Bob Geldof says he's looking forward to being the first Irishman in space next year when when he shoots into orbit as part of a new civilian-based space programme.

The singer and activist is one of 100 "founder astronauts" on one of the Netherland's-based Space Expedition Corporation's flights..

"They offered it to me for free and I want to see the Earth in all its febrile beauty," he told The Guardian. "It's extraordinary that you can do that in my lifetime. I remember my dad standing with me on the porch in the 1950s with the radio turned up very loud, listening for Sputnik going `beep beep' and glimpsing it in the clouds.

"Next year I will be that shining ball. If something goes wrong, f*** it, bang! What else is there to do? I suppose I could write a song called Space Rat."

Geldof, who recently played his first gigs in Ireland with The Boomtown Rats in nearly 30 years, also said he has been banned from playing his homeland because of the band's hit song Banana Republic.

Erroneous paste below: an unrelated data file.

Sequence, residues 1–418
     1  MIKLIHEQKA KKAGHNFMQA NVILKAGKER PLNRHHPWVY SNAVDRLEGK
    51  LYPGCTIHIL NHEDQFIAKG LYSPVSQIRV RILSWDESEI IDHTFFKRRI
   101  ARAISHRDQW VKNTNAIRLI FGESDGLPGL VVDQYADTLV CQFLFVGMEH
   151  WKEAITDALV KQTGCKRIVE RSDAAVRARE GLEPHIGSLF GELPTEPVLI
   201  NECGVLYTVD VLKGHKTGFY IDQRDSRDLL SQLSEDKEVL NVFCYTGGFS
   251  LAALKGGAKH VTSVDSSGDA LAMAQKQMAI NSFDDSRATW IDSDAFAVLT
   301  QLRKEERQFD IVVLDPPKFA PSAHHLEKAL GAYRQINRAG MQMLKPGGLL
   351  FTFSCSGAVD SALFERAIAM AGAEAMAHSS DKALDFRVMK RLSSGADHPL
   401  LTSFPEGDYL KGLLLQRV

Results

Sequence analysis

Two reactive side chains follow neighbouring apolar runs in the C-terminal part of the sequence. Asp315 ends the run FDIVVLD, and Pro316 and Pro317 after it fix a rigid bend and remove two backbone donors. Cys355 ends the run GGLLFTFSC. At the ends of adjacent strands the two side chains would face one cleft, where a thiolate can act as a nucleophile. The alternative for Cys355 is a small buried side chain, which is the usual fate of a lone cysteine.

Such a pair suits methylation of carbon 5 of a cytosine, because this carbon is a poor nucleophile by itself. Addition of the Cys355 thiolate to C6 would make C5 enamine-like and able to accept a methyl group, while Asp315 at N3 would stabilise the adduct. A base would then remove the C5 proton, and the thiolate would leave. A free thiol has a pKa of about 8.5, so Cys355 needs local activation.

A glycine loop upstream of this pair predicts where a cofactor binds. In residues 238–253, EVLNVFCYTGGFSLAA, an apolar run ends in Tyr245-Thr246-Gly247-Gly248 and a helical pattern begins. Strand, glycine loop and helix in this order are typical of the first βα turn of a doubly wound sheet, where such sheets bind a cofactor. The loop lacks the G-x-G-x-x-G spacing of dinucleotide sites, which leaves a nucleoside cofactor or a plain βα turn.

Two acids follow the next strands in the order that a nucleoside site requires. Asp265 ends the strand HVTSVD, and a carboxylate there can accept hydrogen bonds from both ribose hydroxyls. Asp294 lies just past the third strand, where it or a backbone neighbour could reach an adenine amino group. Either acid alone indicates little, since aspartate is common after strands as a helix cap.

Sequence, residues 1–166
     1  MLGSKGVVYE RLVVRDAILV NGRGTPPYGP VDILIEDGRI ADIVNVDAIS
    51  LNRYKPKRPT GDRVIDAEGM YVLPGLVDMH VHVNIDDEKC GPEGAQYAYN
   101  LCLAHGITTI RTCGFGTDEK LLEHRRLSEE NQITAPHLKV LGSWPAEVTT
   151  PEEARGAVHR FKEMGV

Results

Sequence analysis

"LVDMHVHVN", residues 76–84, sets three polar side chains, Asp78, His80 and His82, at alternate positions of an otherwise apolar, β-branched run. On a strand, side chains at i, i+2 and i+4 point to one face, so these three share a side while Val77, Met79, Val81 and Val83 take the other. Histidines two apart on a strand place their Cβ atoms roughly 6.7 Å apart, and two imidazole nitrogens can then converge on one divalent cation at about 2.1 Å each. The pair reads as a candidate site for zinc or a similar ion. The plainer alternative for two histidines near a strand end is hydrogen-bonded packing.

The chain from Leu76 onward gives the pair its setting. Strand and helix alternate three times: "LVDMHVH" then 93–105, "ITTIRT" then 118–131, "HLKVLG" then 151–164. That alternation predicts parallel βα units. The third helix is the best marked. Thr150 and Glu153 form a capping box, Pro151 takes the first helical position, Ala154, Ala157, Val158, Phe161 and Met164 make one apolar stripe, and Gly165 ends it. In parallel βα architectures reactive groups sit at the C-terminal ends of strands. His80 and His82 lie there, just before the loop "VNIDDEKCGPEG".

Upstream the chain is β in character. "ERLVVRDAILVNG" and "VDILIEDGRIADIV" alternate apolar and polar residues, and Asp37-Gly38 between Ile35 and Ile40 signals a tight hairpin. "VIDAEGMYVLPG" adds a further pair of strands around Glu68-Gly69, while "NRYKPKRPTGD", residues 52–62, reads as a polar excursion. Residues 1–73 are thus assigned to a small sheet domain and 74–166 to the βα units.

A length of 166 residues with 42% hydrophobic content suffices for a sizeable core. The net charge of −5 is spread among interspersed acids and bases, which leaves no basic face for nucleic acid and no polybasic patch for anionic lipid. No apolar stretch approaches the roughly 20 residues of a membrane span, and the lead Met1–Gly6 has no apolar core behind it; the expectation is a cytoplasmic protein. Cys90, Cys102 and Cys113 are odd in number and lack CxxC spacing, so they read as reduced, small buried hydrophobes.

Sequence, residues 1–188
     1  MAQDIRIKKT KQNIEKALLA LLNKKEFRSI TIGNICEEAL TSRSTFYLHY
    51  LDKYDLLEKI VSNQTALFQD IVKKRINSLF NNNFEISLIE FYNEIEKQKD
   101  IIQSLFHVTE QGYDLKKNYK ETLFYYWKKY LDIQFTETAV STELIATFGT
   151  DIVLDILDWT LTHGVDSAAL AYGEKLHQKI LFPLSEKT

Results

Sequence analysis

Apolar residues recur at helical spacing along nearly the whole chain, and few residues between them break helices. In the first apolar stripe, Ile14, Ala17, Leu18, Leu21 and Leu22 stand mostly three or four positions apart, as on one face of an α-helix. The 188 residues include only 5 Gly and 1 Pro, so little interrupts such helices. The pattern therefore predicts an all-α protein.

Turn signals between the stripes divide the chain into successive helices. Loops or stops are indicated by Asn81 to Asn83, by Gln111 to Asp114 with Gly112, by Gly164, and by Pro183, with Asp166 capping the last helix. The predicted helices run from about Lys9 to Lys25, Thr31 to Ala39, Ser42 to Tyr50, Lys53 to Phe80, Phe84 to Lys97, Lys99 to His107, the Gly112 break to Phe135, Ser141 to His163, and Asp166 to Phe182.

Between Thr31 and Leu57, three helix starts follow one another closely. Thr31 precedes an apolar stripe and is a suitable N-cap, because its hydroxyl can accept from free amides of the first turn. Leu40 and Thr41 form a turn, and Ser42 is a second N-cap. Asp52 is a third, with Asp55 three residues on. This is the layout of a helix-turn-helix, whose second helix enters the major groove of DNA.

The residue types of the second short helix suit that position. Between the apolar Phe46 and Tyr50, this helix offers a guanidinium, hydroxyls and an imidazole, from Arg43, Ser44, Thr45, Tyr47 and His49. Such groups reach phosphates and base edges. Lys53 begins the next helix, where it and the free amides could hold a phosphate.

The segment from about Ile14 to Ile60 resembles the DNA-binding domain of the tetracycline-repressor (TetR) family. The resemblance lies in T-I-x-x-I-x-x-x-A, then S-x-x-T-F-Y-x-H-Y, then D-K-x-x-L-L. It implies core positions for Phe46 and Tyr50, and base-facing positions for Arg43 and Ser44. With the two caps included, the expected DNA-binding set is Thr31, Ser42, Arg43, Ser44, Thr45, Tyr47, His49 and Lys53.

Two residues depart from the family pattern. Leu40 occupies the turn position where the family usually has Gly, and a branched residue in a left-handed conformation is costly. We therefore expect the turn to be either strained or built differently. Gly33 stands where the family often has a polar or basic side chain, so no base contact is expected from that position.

"Banana Republic was No 3 in the UK and just huge in Ireland. If you grew up there, there was a claustrophobia of silence," he said.

"The Haughey government was morally bankrupt and corrupt. There was a civil war, which people call the Troubles – it's not a `trouble' when 3,200 people are murdered. The church were often supporting one side of the killers while they were abusing the children of their parishioners.

"It was a brutalised society and I'd had enough of it! One night, Pete (bass player Pete Briquette) was off his face and came up with this great bass riff. I started writing about government whores and `this septic isle'.

"The Brits thought it was a cute pop song but suddenly every gig of ours in Ireland was stopped by an injunction. In the end we set up a gig at a private estate with no insurance and RTÉ Radio announced it one minute after midnight, when the courts closed, so they couldn't stop us. I expected 300 people. There were 30,000."